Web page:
The current ISO Commercial Property Causes of Loss form contains an exclusion stating that the insurer will not pay for loss or damage caused directly or indirectly by "the enforcement of any ordinance or law: (1) regulating the construction, use or repair of any property; or (2) requiring the tear down of any property, including the cost of removing its debris". Most other property insurance forms, including homeowners and HPR forms contain a similar exclusion. The exclusion is directed at the application of building codes—construction, electrical, plumbing, or fire safety—"that may require more expensive reconstruction materials, installations, designs or methods after the loss than those used in the existing building; and zoning laws that may prohibit present occupancy or that impose onerous building or lot size or frontage requirements or restrictions".
The exclusion triggers three distinct and separate areas of uninsured loss: (1) the value of the undamaged portion of a building when the building must be torn down or modified to meet current code, when the damage exceeds the percentage specified in the code, or when reconstruction at the same site is not permitted; (2) the cost of demolition and debris removal of the undamaged portions; and, (3) the increased cost of reconstruction-the added cost to repair or rebuild according to the current code.
With all of this in mind, each building owner will need to make a determination of how to handle the problem. The situation can be specifically addressed by working with your insurance advisor and construction professional who are versed in coverage and current code requirements.
In conjunction with ISO's simplified commercial lines forms, Building Ordinance Coverage endorsement-CP0405-was introduced. The latest revision to the form (2002) provides coverage for the three areas of concern: Coverage A-coverage for loss to the undamaged portion of the building; Coverage B-demolition costs; and, Coverage C-increased costs of construction. Coverage under the Building Ordinance Coverage responds only if the following occurs: (1) the loss is caused by a cover peril, (2) the loss breaches the "major damage" threshold-as defined by the jurisdiction, and, (3) the damaged building must be lacking in, or deficient of, some aspect of local building codes in effect at the time of the loss.
Coverage A insures against loss to the undamaged portion of the building. It pays for the value of the property that must be intentionally destroyed. Coverage applies only for that portion of the building that must be destroyed in order to comply with a building code or ordinance that was previously grandfathered that is imposed following a covered loss. The coverage limit selected for A will be the same limit as is on the building shown in the declarations. It is not possible for an insured to predetermine a value on a possible undamaged portion of a building that may have to be demolished! (rating for coverage A is based on a rate surcharge applied to the total building limit).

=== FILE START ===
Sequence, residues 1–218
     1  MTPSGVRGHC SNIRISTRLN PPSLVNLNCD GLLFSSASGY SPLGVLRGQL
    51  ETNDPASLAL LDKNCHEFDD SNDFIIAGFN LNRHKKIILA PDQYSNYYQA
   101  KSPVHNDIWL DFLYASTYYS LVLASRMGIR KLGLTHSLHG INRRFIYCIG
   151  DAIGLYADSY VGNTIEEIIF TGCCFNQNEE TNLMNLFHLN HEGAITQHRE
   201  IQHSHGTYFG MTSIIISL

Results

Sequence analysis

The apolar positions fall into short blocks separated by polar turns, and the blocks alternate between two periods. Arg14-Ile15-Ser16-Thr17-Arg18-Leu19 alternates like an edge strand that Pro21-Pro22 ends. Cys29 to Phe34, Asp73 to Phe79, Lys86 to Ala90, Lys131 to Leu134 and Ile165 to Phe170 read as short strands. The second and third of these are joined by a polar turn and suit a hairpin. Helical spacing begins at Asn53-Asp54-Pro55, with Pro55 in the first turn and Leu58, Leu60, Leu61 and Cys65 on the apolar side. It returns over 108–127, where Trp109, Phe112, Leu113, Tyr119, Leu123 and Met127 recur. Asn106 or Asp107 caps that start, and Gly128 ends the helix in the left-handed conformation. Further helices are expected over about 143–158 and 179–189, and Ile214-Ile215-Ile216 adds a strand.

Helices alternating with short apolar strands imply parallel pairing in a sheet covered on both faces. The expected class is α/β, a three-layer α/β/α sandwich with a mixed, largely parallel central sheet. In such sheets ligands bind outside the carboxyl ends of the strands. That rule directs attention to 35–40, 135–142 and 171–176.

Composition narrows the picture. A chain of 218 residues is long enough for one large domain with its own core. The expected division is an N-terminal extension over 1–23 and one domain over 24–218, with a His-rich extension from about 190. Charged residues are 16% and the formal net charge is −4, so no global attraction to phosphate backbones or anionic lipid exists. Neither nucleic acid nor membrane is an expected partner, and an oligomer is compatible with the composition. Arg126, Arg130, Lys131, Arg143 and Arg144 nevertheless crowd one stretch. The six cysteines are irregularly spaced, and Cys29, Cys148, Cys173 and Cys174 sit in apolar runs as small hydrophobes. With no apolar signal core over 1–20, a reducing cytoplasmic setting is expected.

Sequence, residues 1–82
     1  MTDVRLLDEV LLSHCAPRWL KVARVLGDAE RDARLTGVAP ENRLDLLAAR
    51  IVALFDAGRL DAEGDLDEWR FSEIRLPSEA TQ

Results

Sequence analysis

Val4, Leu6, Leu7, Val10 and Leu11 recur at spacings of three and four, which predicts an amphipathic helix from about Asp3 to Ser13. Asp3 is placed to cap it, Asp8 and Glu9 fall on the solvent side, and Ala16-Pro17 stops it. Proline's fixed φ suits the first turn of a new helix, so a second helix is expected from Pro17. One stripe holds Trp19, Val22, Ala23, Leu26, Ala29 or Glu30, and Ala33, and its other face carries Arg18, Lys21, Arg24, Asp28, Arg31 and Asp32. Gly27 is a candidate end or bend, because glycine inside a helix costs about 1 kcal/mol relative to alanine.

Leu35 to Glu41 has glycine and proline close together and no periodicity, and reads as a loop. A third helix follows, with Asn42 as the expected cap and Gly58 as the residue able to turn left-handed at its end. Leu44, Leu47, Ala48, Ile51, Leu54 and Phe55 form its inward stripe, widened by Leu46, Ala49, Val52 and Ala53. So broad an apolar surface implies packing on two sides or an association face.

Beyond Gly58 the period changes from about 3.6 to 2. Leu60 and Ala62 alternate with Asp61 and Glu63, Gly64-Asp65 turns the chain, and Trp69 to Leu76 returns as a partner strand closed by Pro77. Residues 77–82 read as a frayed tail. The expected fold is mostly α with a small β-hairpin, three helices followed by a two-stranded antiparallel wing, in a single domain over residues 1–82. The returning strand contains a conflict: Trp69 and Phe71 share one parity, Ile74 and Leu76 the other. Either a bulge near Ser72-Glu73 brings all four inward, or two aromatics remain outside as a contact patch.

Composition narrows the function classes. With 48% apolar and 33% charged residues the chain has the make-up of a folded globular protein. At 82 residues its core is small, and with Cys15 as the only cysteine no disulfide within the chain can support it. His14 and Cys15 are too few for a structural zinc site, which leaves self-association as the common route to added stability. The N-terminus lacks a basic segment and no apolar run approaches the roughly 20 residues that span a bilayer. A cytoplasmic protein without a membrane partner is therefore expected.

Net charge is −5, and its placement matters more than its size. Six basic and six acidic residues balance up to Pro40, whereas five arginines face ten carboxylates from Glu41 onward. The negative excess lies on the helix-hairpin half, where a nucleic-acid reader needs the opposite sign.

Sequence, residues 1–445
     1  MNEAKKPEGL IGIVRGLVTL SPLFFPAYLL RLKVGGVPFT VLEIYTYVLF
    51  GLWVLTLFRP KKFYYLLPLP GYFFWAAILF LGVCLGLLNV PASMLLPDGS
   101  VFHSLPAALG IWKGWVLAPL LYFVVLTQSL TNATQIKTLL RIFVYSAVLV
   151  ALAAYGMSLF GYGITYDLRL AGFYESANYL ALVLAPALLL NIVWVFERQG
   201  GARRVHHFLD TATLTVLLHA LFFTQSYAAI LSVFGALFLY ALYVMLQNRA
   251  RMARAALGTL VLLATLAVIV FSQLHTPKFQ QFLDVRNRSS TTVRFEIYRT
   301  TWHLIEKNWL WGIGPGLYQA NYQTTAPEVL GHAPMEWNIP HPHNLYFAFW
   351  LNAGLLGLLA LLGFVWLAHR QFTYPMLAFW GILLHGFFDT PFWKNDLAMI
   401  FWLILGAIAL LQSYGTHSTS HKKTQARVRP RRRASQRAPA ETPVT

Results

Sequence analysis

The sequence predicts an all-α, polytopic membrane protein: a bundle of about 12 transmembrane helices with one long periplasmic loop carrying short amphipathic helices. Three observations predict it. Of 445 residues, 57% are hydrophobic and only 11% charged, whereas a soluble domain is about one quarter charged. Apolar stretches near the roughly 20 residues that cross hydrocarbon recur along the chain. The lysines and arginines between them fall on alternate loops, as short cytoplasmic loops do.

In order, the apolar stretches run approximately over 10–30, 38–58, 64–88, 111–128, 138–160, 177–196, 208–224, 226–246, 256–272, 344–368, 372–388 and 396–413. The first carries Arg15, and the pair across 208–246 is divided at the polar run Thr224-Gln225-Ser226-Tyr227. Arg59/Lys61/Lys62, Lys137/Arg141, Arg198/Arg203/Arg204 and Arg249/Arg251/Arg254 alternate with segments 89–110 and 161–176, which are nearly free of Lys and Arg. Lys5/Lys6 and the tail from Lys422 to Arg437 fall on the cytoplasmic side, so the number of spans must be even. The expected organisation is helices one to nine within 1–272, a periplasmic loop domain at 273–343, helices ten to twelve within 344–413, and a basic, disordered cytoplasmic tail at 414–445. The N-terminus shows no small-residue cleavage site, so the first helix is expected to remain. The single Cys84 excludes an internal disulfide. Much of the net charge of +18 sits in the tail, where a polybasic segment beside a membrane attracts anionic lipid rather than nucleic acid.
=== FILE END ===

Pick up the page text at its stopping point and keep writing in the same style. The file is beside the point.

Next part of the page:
Coverage B-Demolition costs: Coverage here applies only to demolish the portion of the building that must be removed in order to comply with a building code or ordinance that was previously grandfathered that is imposed following a covered loss.
Coverage C insures against the increased costs to repair or rebuild the property to comply with current building, zoning or land use ordinances or laws. This coverage is very important for any business subject to the Americans with Disabilities Act (ADA). This coverage also applies to the increased cost of repair or reconstruction of; excavations, grading, backfilling and filling, foundations, piling and underground pipes, flues and drains.
A special note should be made regarding form CP0405—coverage does not include any coverage for pollution, fungus, or mold, even if an ordinance or law requires cleaning up a contaminated or affected building.
Coverage limits for B & C are not automatically set-as is Coverage A, so special care must be used to select an appropriate limit. Working with a construction or demolition contractor to assist in arriving at limits for these two coverage areas should be helpful.
Another coverage area that can be discussed with your insurance advisor is Ordinance or Law-increased period of Restoration-CP1531.This is a business income form that can provide the insured with the income lost while the damaged covered property is being repaired. There are some very specific provisions as to when and how this form will apply, so care must be used!
Ordinance or Law coverage can also be applies to Homeowner Associations. Although usually not required by the association's governing documents, it may certainly be an issue to be reviewed by the board of directors, with assistance from their legal counsel and insurance advisor.
Article By: Dennis Gambill - The author is an Insurance Litigation consultant. Adjunct professor at EMC for 8 years-Risk & Insurance. 40+ years-both MGA and agency experience.
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